10. Don’t throw anything away… EVER!
Whether it be on paper or on your computer, don’t throw anything away, don’t delete anything from your hard-drive that pertains to your songwriting process. What you may think is rubbish now could be treasure later on. Our moods change day by day and so does our outlook on what we write.

11. Join a songwriting organisation (or two)
The best way to learn more and to gain confidence in a skill is to experience the input of others. At the very least you will not feel so alone in your songwriting endeavours. Seek out and join one (or more).

12. Find a songwriting collaborator
Two heads are better than one at times. A good collaborator makes you write better, will inspire you to come up with more ideas, will allow you to ask questions, bounce ideas and share ideas much more freely.

Every songwriter should have at least one collaborator in their contacts list.

Phew! There you go. If you have any experiences after applying any of these suggestions (positive or negative) or, you have other suggestions that need to be added to this list, let me know, I’d love to hear from you.

Until next time, keep on writing,

Corey Stewart
All About Songwriting

Expand Your Songwriting Ideas With Mind Mapping

In one of my previous posts titled Songwriting Tip – Mind Mapping Your Songwriting Ideas, I introduced the concept of mind maps as a way of brainstorming different lyrical combinations for your songwriting ideas.

Below is a video in two parts that shows songwriter Zosia Boczanowski using a variation of a mind map to create her hit song “Monday” which went on to have some success being placed on the MTV show The Hills.

Personally, I think this video series is one of the best around about the subject of the songwriting process. What do you think?

Until next time, keep on writing,

Corey Stewart
All About Songwriting

Keeping Your Songwriting Simple – One Song, One Idea

As songwriters we should always be looking for ways to express what’s inside our minds and our hearts plus, what we observe externally from ourselves.

We also have to balance this need to express ourselves with the fact that we also want others to listen to our songs and relate to, embrace and make those songs a part of their lives.

Right?

So, in saying that, why do we then have the tendency to complicate the messages or statements that we’re trying to convey in our songwriting?

It should be obvious to anyone that by making things too complicated in our songs, how should we expect our listeners, our audience to relate to them?

Songs are generally between three to five minutes in length so there’s only a small window of opportunity to create a lasting impression with your listener.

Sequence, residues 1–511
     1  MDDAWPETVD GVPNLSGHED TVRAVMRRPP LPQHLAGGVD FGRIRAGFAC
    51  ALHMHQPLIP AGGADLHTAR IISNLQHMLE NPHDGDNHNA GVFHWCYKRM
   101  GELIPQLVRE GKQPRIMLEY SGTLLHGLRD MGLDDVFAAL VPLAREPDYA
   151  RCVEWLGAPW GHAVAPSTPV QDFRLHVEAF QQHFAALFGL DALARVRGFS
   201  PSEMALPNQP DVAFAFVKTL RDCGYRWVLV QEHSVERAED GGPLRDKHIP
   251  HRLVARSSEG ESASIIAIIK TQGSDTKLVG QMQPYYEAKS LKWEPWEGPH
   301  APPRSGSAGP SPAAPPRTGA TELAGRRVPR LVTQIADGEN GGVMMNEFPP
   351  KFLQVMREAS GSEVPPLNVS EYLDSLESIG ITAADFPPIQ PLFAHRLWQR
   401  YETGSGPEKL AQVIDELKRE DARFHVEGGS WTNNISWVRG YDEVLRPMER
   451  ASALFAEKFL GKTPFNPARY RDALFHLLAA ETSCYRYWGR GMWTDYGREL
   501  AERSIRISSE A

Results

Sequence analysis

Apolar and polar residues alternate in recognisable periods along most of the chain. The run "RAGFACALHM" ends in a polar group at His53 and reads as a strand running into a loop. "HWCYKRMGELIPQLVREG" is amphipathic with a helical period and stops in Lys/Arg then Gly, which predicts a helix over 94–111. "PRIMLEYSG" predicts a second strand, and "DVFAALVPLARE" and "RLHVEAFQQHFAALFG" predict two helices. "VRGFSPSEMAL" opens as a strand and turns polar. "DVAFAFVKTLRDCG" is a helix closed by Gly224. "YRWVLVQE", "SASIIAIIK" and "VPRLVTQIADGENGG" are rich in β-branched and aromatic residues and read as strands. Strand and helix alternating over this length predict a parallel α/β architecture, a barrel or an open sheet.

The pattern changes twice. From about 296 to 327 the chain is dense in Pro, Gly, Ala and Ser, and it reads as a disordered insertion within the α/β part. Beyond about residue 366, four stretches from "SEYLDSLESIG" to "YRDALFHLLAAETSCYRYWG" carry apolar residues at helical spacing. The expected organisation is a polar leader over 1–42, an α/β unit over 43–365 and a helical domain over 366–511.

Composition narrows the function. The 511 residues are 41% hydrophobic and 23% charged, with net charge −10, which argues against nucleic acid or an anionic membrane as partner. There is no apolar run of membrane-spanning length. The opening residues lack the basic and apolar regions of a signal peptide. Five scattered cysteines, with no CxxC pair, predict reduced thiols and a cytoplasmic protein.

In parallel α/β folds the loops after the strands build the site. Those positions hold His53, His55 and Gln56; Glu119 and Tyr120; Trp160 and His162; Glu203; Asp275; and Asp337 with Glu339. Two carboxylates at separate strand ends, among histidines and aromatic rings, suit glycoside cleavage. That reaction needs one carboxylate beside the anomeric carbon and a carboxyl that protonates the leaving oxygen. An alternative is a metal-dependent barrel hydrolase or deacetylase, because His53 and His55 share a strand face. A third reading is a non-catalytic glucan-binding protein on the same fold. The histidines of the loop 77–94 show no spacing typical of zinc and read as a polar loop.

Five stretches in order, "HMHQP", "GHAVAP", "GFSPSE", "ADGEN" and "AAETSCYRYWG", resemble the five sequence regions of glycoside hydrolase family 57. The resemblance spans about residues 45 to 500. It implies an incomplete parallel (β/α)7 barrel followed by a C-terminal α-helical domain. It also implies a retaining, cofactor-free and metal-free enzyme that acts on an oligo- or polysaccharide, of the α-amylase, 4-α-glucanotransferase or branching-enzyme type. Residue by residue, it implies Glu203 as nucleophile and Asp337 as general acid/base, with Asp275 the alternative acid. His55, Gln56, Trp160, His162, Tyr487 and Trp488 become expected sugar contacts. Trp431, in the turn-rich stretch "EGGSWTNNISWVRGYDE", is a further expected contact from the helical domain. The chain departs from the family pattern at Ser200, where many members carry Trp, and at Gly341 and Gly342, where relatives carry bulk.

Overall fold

The best thing that you as a songwriter can do is:

1. Create an environment in which the listener can immediately understand and relate to what you are trying to say.

Use this as your songwriting mantra…

One song, one idea
One song, one story.
One song, one point of view.
One song, one image.

2. Allow the listener to focus on your song, not be bamboozled by it.

If you try to introduce more than one idea into the song you start creating mixed messages for the listener. The last thing you want to is to confuse your listener into turning off from your song.

We live in a world in which information is instant. People today demand the information that they receive to be concise, to the point and easy to understand.

Songs, as a medium to convey information and concepts are no different.

3. Hold the listeners hand through your song and take them on the journey.

Once you have established the point/story/message of the song you have a certain amount of time to really explore that with the listener. This is where the fun begins, this is where your creativity as a songwriter comes into play.

The balance between words and rhythm becomes very important here otherwise the song becomes clumsy and hard to understand.

Here is a songwriting tip for you. Go through your songs and for each one, write down all of the points you are trying to make.

Really analyse your songs to see if you are putting too many messages in them.

If for instance you have a song in which there are three distinct message that you are trying to convey, separate the messages and write three songs about each of them.

For me, if there’s a song in which for some reason I can’t finish, it’s normally because I’m trying to say too much in it. Once I strip it back, the path which completes the song magically appears before me.

Lets see if that happens for you. If it does, let me know.

Until next time, keep on writing,

Corey Stewart
All About Songwriting